Our most distinguished 19th-century writer Machado de Assis (1839-1908) already enlightened us in his essay Instinto de Nacionalidade (The Instinct of Nationality), in 1873:

“Whoever examines current Brazilian literature immediately recognizes in it, as its first trait, a certain instinct of nationality. Poetry, novel, all the literary forms of thought seek to dress themselves in the colors of the country, and there is no denying that such concern is a symptom of vitality and an endorsement of the future.”

And with Machado de Assis, I reach the greatest difficulty, which is to unite Marx with the World Day of the Portuguese Language in a single text. I mean, I, who know too little about Marx, can very well pay homage to my friend and communist writer, the late José Carlos Ruy. He knew how to unite the classics of literature to the Marxist classics like few others. The great Ruy wrote luminous texts about the historical and political reality of Brazil in more than one book. And in his genius, he left the Machado de Assis Dictionary, still unpublished by Editora Anita Garibaldi, which has the original ready to launch it to the world.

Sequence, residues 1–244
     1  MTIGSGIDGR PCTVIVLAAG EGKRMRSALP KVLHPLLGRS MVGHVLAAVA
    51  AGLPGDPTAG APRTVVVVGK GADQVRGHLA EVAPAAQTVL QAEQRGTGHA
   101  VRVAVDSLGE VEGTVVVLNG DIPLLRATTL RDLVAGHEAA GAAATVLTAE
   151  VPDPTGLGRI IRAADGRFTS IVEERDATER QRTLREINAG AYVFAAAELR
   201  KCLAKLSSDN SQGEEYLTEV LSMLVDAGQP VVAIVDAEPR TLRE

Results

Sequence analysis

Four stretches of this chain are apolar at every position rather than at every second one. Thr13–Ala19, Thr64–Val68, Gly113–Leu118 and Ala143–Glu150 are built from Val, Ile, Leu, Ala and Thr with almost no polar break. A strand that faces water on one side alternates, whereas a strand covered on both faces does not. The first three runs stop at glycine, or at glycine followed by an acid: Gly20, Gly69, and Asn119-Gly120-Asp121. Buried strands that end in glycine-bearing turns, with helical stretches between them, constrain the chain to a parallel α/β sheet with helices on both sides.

In doubt, look at a beautiful page from the unpublished Dicionário Machado de Assis:

“Machado de Assis was a dialectical realist, and an excellent statement of this idea is in the novel Memórias póstumas de Brás Cubas (1881), whose narrator is no longer among the living: the deceased Brás Cubas. [This novel, “Posthumous Memoirs of Brás Cubas,” has been translated into English by Gregory Rabassa as Epitaph of a Small Winner.]

Portuguese-speaking countries, 2012 / ePORTUGUESe. Licensed under the Creative Commons Attribution-Share Alike 3.0 Unported license.